HIPAA and The Media: Things Are Not the Same

The federal Health Insurance Portability and Accountability Act (HIPAA) gives patients and their medical records specific legal rights to privacy and confidentiality. The privacy provisions under HIPAA specify what kinds of patient information must

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The federal Health Insurance Portability and Accountability Act (HIPAA) gives patients and their medical records specific legal rights to privacy and confidentiality. The privacy provisions under HIPAA specify what kinds of patient information must remain confidential and the circumstances under which certain patient information may be released.

Since HIPAA has become a federal law, speaking to the media has become a whole new ballgame. As spokespeople, we can no longer give out the same information to the media as we have done for decades. This has made many reporters angry and frustrated, but as an authorized, hospital-designated spokesperson, only certain information can now be released.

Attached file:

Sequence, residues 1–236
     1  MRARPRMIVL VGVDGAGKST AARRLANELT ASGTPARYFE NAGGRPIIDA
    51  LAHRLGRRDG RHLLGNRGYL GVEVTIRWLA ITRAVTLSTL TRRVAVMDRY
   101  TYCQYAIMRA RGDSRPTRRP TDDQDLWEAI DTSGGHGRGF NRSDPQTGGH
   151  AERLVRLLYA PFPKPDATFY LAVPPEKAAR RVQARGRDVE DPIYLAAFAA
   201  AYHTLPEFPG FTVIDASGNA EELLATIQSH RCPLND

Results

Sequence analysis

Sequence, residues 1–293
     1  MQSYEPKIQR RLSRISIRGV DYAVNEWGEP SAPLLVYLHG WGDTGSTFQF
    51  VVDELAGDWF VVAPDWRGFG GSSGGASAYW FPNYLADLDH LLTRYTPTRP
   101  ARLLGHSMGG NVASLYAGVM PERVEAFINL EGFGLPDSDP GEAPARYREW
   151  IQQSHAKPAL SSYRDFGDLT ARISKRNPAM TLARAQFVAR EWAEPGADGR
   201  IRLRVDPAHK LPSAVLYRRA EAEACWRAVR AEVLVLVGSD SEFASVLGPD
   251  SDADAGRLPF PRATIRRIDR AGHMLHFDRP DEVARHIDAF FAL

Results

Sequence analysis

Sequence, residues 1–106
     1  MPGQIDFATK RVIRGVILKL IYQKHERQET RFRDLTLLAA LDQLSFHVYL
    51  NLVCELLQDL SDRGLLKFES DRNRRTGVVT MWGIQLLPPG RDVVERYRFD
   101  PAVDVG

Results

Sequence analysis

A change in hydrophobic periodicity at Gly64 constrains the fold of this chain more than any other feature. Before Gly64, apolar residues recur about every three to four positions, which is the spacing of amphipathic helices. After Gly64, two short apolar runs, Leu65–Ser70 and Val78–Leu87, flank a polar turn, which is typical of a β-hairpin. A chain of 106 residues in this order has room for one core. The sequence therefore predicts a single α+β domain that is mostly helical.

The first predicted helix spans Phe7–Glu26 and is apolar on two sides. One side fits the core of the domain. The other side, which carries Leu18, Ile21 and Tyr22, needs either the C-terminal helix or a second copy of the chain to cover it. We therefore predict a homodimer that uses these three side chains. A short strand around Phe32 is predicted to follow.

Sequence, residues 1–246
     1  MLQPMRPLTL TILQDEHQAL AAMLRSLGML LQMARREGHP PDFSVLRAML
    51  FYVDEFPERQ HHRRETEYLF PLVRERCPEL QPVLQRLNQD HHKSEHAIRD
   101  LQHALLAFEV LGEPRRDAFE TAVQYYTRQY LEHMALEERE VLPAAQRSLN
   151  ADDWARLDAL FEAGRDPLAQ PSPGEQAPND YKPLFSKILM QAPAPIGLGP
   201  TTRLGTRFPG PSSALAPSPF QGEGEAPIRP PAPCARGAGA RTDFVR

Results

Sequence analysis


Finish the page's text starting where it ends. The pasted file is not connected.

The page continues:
Media representatives must be directed to the spokesperson, and patients must give written permission for photographs or interviews.

In the case of a hospital--as long as the patient has not opted out of the directory, the spokesperson may release the patient's one-word condition and location:

1) Undetermined
2) Good
3) Fair
4) Serious
5) Critical

Public figures, such as elected officials or celebrities may be considered newsworthy, but are subject to the same privacy standards as other patients under HIPAA.

There are criminal penalties for wrongful disclosure of patient health information including fines and imprisonment. This includes any reporter who gains health information under false pretenses.

Remember, as a spokesperson, you must understand the parameters of the law regarding the release of information to the media and the public. It is the law!